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(The Atlantic)   In a world of 3-D-printed guns, Chris Rock's "bullet control" makes more sense   (theatlantic.com) divider line 208
    More: Unlikely, shooting sprees, guns  
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9555 clicks; posted to Main » on 18 Dec 2012 at 10:12 AM (1 year ago)   |  Favorite    |   share:  Share on Twitter share via Email Share on Facebook   more»



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2012-12-18 10:55:50 AM
FTFA : It doesn't say a single thing about the right to own bullets.

And the first amendment doesn't say anything about the internet, but if you argue "free speech laws do not apply on the internet" then you are an idiot.
 
2012-12-18 10:56:28 AM
Nice weasel words from the author. Go ahead, people will just make their own bullets.
 
2012-12-18 10:56:31 AM

MethylTryp


Ah. That makes much more sense. For a second I thought maybe you were unclear on the concept. Apologies.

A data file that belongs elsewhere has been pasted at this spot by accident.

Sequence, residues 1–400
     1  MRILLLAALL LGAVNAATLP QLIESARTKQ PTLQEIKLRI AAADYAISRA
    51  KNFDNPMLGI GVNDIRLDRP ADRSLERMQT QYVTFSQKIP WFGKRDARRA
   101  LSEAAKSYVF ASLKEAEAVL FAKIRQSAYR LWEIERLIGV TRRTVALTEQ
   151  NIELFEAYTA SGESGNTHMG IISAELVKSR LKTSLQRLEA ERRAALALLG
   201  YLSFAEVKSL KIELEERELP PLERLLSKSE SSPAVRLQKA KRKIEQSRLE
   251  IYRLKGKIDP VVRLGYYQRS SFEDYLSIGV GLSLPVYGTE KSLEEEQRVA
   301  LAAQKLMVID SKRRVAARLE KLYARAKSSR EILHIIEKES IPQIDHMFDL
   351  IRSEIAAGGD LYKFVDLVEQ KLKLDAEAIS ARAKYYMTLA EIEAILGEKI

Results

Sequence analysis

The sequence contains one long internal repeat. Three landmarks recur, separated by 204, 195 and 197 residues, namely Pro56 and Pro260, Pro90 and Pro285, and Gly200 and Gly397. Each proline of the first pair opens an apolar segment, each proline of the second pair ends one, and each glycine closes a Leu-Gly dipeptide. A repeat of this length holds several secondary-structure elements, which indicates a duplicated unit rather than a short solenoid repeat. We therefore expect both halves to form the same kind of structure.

No apologies needed! Stuff happens.
 
2012-12-18 10:56:54 AM

Subtle_Canary: meanwhile, the rest of us will figure out that we can use lead slugging pieces to make ad-hoc bullets with our stockpiles of Mosin Nagants....you know, for when the inevitable fading of the trillions of 7.62x54r finally occurs 200 years from now.


I don't know, back before I came to my senses I used to have a SKS. I recall that during the beginnings of the 2nd Iraq war the cost for a bucket of 7.62 skyrocketed to levels that made going out and shooting illegally dumped washing machines and whatnot no longer worth it. Heard lots of grumblings in the local gun shops about it.
 
2012-12-18 10:58:44 AM

JackieRabbit: Gun Control! Gun Control! Boy-howdy but the politicians are making big hay out of the Newtown massacre. Suddenly... Gun control!!!!

Isn't this like closing the barn door after the horses have got out?

The problems is that none of their brilliant plans are going to work. Something akin to Canada's Possession and Acquisition License program may help, but not much. We farked up long ago when we lifted the ban on civilians owning assault weapons. We can't put that genie back in the bottle. Bullets would be even harder to control than the guns that fire them. If someone wants to kill a lot of people, he will be able to get all the guns and bullets he needs, regardless of their legality.

I see no effective way to stop crazy.